‘I’m not your opponent, I’m your sentence!’ Ukraine presidential hopefuls trade jabs in last debate

Ukraine’s President Petro Poroshenko and his rival, comedian Volodymyr Zelenskiy, during the debate at the Olimpiyskiy stadium in Kiev. © Reuters / Valentyn Ogirenko / Free

Ukraine’s incumbent president Petro Poroshenko and hard-hitting frontrunner Volodymyr Zelensky faced off in a much-hyped big stadium debate, exchanging harsh accusations yet revealing little of their plans for the country.

It was promoted as the most spectacular political show in Ukrainian history, but the debate only attracted 22,000 people at the Olympiyskiy stadium in Kiev on Friday, despite a capacity of more than 70,000. The event was the final chance for the contenders to impress the voters ahead of the election’s second round on Sunday.

An experienced comedian, Zelensky delivered stronger punchlines on the night, calling himself the predictable outcome of Poroshenko’s mistakes. “I’m not your opponent – I’m your sentence,” he told the president, hinting that the latter may well face prosecution for his misdeeds after the election.

He kneeled before the crowd in theatrical gesture, insisting that he was eager to do the same before every mother who lost her son in the military conflict in Eastern Ukraine. The fighting in Donbass was initiated by the current government and the candidate promised to do everything to end the war when in office.

Zelensky accused the head of state of stealing five years of Ukrainians’ lives while he was in power. He also grilled the president over Ukraine’s having turned into the “poorest country in Europe,” with low pensions, deteriorating infrastructure and corrupt officials from his inner circle avoiding responsibility.

There was little to parry with, but Poroshenko, who is trailing behind his rival by a whopping 46 percent, still tried to look as confident as possible. He delivered his lines with a lot more aggression, attacking Zelensky for his lack of experience and “incompetence,” which would make him a weak president and a commander-in-chief incapable of standing strong against the terrifying Vladimir Putin. The incumbent president even accused Zelensky, who had made movies in Russia before 2014, of being a Kremlin stooge.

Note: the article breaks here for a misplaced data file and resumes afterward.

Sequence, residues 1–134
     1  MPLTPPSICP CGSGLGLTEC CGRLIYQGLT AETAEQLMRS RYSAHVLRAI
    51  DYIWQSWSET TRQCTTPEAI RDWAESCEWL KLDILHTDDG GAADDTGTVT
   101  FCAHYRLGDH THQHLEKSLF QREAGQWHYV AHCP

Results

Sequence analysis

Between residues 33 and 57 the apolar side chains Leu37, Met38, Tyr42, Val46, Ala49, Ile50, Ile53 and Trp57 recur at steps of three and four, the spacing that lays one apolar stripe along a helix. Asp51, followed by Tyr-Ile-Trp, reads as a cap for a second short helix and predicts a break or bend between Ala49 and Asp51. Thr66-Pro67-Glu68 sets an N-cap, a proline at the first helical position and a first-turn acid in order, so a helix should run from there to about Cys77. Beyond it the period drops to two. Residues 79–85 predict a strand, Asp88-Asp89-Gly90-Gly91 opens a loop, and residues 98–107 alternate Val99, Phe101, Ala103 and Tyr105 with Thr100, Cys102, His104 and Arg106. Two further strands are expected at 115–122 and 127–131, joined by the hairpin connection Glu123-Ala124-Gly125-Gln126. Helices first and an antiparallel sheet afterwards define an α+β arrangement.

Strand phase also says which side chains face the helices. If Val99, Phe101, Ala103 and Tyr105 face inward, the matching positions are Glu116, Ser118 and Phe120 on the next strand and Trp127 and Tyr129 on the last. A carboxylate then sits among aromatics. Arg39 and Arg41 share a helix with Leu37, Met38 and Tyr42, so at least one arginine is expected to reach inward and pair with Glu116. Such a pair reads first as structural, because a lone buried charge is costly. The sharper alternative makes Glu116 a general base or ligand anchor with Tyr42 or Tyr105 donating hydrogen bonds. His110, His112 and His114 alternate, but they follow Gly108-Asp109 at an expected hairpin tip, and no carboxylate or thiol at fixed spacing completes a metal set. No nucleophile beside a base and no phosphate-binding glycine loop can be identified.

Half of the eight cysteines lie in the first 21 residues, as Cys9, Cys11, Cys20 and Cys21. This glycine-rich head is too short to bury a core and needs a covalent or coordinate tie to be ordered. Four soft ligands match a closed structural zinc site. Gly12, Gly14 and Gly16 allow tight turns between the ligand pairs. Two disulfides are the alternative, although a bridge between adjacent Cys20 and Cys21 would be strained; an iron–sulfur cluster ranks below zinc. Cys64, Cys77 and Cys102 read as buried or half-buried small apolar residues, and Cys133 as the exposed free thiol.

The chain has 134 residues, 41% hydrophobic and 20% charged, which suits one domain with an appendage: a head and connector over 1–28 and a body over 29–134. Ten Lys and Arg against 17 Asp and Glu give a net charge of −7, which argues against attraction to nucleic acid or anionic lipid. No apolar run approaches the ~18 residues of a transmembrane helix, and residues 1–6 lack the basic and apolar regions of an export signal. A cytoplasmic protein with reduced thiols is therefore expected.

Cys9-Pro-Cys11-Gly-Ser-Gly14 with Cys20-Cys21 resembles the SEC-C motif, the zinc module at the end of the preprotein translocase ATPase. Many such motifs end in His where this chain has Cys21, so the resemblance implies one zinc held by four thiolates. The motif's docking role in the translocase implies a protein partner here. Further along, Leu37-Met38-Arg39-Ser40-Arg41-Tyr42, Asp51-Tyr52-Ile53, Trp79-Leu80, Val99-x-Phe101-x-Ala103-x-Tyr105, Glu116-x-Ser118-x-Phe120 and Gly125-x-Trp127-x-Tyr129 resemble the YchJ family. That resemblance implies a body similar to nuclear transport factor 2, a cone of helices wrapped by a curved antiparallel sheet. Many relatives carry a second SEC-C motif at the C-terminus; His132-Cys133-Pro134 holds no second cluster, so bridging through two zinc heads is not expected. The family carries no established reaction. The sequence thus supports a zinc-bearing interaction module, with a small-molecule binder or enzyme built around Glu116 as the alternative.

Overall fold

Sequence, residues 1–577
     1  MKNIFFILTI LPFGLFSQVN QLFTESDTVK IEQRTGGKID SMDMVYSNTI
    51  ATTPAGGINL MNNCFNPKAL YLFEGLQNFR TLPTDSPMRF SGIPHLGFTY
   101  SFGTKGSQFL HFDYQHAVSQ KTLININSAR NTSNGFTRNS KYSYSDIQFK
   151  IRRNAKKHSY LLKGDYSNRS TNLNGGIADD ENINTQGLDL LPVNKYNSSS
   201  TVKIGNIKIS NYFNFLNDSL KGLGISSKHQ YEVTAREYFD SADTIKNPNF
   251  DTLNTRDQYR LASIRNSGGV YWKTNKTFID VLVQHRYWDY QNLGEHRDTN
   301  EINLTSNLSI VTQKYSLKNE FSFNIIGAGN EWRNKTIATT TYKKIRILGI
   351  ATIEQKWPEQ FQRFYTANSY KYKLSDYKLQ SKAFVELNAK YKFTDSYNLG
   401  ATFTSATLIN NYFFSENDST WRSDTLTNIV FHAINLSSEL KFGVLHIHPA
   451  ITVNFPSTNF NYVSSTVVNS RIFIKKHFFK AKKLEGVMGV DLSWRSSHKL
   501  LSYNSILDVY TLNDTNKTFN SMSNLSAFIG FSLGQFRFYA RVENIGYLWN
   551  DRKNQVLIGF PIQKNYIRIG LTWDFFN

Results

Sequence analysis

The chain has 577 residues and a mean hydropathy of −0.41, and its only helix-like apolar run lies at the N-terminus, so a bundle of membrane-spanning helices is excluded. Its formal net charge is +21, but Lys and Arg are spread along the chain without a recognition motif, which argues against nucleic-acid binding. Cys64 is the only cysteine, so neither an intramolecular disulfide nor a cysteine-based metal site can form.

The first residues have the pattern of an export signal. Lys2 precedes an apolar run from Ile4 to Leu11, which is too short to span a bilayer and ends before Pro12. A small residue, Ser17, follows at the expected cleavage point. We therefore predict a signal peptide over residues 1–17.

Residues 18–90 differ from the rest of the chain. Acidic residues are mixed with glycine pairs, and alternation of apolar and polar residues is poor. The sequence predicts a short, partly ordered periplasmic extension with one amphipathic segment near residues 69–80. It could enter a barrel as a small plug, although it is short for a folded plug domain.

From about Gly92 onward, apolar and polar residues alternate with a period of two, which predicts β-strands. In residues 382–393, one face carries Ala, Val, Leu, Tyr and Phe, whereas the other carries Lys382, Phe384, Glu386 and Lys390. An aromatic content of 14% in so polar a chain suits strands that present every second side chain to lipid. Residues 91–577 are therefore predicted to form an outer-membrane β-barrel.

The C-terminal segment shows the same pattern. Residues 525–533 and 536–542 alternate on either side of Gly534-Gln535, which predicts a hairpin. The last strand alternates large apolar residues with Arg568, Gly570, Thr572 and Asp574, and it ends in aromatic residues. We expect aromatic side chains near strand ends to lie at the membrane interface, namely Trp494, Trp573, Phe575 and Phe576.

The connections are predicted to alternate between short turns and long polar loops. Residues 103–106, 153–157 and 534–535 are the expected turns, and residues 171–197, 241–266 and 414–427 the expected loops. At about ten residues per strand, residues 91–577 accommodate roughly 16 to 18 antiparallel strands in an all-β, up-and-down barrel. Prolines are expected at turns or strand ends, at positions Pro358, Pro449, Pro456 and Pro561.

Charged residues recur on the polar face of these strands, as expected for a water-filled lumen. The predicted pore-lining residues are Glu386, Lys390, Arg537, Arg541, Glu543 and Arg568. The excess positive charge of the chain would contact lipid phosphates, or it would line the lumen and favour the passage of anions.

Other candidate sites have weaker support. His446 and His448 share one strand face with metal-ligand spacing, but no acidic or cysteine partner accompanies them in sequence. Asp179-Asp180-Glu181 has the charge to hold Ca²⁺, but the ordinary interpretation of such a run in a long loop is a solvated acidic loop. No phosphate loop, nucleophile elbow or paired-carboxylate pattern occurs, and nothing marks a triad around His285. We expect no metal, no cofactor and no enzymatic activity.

Poroshenko was more eager to play the ‘Russian aggression’ card that used to work for him in the past, once again promising to bring Crimea back and achieve military victory in Donbass, but didn’t specify how he was planning to do this. During his speech, he was almost constantly booed by Zelensky’s supporters, who clearly overwhelmed those in the stands in Olympiyskiy who were backing the president.

The debate ended without a handshake and it wasn’t the only awkward moment. First, Poroshenko and his team started singing the national anthem before the specially invited singer could step in. When this was sorted out, Zelensky suddenly decided to kiss his girlfriend to the tune of the anthem and showed thumbs up to the stadium. After leaving the stadium, the two politicians continued their discussions in a more comfortable atmosphere of a television studio.

“Poor Ukraine. The debate was absolutely insubstantial” as neither of the candidates proved that he knew what to do with the country, Konstantin Kosachev, the head of the Foreign Affairs Committee in the Russian Federation Council, wrote in a Facebook post. “It seems Ukraine is up for another five lost years, no matter who wins.”

Zelensky claimed 30.24 percent in the first round of the election on March 31, beating Poroshenko with an almost twofold advantage (15.95 percent). The latest polls reveal that 73 percent of Ukrainians were eager to give their vote to him on Sunday.

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